Biguanides, like metformin, do not stimulate insulin production by the pancreas. Instead they enhance sensitivity of the liver and peripheral tissues to insulin. There has been a high incidence of intestinal side effects with this medication and the results in cats are inconsistent but metformin does appear to work better with some residual insulin production. Again, because it requires insulin production, it is not particularly useful in the dog.

Acarbose is an alpha-glucosidase inhibitor that affects brush border enzymes in the small intestine decreasing glucose absorption. There has been some success with its use in diabetic cats and dogs.

Chromium and vanadium are trace elements thought to increase tissue sensitivity to insulin. Chromium may have some effect in cats with diabetes and vanadium may be beneficial in diabetic cats and dogs.

Insulin Therapy

Insulin is the cornerstone of therapy for diabetes in the dog and cat. Even though many cats are non-insulin dependent, early administration of insulin has been shown to decrease beta cell loss and, when administered with a low carbohydrate diet, result in clinical remission in many cats. There are basically three types of insulin; short, intermediate and long-acting. Regular insulin is available in a human recombinant formulation and is the only short-acting preparation used in small animals. This insulin should be used in diabetic dogs and cats that can not be on maintenance insulin, in essence, dogs and cats that are not eating reliably enough to be on their maintenance insulin (i.e. diabetic ketoacidosis). It can be given IV, IM and SC. IV administration is limited to treatment of life-threatening hyperkalemia and as a low dose CRI for treatment of sick diabetics. IM followed by SC administration is recommended in most settings during treatment of diabetic ketoacidosis (or in other instances in which a diabetic is not eating). Regular is a U-100 insulin.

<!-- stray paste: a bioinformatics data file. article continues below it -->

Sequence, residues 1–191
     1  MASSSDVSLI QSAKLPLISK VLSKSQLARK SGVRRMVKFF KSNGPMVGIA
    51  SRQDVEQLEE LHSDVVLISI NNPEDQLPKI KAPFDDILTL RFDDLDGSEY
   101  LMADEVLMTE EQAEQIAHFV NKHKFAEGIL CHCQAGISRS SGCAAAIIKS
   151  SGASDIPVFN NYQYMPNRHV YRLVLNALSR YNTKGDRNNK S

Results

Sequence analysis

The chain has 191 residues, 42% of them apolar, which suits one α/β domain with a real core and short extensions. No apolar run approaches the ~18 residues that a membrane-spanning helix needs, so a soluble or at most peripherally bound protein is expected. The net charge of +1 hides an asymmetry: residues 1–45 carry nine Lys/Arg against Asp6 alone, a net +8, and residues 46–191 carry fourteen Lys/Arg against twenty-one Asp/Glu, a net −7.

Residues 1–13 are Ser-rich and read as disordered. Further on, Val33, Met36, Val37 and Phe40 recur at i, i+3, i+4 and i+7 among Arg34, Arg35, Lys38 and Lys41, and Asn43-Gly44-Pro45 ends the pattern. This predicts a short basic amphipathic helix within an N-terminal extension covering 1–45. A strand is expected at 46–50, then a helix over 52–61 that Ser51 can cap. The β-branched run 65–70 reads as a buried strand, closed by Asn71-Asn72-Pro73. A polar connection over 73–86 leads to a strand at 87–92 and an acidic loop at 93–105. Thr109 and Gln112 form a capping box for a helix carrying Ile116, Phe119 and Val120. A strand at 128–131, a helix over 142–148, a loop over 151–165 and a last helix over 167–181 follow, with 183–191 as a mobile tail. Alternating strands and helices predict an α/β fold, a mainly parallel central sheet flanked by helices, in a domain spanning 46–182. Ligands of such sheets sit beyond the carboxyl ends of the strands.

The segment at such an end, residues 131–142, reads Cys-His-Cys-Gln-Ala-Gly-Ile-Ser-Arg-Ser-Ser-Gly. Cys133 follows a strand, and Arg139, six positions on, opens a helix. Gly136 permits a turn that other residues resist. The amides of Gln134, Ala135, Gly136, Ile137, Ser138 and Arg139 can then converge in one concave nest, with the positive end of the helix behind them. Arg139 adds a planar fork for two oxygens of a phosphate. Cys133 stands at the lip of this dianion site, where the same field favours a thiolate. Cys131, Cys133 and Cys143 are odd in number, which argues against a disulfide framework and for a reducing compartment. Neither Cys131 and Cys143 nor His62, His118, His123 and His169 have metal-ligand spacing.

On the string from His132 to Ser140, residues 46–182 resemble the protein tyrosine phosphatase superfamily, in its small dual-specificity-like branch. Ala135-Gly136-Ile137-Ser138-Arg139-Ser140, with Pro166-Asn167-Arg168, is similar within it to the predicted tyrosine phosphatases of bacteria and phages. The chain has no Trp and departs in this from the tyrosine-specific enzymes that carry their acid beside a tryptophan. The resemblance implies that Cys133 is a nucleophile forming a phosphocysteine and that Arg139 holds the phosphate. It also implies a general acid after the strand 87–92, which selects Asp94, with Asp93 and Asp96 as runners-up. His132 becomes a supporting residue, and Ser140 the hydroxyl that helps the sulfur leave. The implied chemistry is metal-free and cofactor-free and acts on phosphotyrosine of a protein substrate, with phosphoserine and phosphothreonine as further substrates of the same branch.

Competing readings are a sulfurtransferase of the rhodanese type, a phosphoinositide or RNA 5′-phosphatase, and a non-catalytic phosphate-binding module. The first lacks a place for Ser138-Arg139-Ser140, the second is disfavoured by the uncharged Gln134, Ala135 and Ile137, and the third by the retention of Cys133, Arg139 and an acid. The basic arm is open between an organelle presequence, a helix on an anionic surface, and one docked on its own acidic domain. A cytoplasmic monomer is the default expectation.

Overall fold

Intermediate-acting insulins are human recombinant NPH and pork lente (Vetsulin®). They are intermediate because their duration is 6 to 22 hours with SC administration. NPH is used in dogs exclusively because it is typically too potent and short-acting for cats. NPH must be administered twice daily. NPH is a U-100 insulin. Lente is also an intermediate insulin. Because it is pork origin and is most similar to dog insulin it is used primarily, but not exclusively, in this species. About 20% of dogs can be maintained on once daily lente so it is common to try dogs on once daily. Label directions are for once daily dosing and if giving twice daily the dose should be reduced by 50%. Lente is given to cats twice daily. Lente is a U-40 insulin.

The long-acting insulins are insulin glargine and PZI. Insulin glargine is a synthetic insulin that is given to cats. Most cats will have acceptable regulation on once daily but twice daily administration might result in better overall control. Hypoglycemia is common when starting this insulin but clinical hypoglycemia is not. Insulin glargine can be stored refrigerated for up to 6 months. This is a U-100 insulin. PZI is a beef/pork insulin. It is primarily beef so its use is limited to the cat. PZI must be given twice daily. PZI is a U-40 insulin.